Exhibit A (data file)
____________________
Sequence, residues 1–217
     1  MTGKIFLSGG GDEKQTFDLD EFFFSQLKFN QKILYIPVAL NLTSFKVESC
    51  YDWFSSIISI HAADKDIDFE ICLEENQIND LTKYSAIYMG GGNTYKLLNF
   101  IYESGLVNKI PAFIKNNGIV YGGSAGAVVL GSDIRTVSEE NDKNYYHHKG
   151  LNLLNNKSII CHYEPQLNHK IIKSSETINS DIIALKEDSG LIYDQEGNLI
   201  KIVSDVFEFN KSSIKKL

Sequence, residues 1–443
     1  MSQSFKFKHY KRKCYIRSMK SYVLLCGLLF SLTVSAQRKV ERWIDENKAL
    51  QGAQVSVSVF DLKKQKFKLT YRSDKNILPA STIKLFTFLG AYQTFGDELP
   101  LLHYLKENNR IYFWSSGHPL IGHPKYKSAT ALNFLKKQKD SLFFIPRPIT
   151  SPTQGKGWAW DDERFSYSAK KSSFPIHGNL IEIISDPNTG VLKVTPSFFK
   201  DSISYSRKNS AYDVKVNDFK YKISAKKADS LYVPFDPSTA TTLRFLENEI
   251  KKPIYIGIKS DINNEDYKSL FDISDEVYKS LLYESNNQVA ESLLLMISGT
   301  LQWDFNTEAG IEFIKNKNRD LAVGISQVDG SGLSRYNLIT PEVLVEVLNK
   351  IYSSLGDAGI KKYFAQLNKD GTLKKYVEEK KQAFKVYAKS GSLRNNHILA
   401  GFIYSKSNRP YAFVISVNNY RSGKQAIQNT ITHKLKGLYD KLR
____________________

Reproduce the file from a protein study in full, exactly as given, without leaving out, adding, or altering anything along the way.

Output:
Sequence, residues 1–217
     1  MTGKIFLSGG GDEKQTFDLD EFFFSQLKFN QKILYIPVAL NLTSFKVESC
    51  YDWFSSIISI HAADKDIDFE ICLEENQIND LTKYSAIYMG GGNTYKLLNF
   101  IYESGLVNKI PAFIKNNGIV YGGSAGAVVL GSDIRTVSEE NDKNYYHHKG
   151  LNLLNNKSII CHYEPQLNHK IIKSSETINS DIIALKEDSG LIYDQEGNLI
   201  KIVSDVFEFN KSSIKKL

Sequence, residues 1–443
     1  MSQSFKFKHY KRKCYIRSMK SYVLLCGLLF SLTVSAQRKV ERWIDENKAL
    51  QGAQVSVSVF DLKKQKFKLT YRSDKNILPA STIKLFTFLG AYQTFGDELP
   101  LLHYLKENNR IYFWSSGHPL IGHPKYKSAT ALNFLKKQKD SLFFIPRPIT
   151  SPTQGKGWAW DDERFSYSAK KSSFPIHGNL IEIISDPNTG VLKVTPSFFK
   201  DSISYSRKNS AYDVKVNDFK YKISAKKADS LYVPFDPSTA TTLRFLENEI
   251  KKPIYIGIKS DINNEDYKSL FDISDEVYKS LLYESNNQVA ESLLLMISGT
   301  LQWDFNTEAG IEFIKNKNRD LAVGISQVDG SGLSRYNLIT PEVLVEVLNK
   351  IYSSLGDAGI KKYFAQLNKD GTLKKYVEEK KQAFKVYAKS GSLRNNHILA
   401  GFIYSKSNRP YAFVISVNNY RSGKQAIQNT ITHKLKGLYD KLR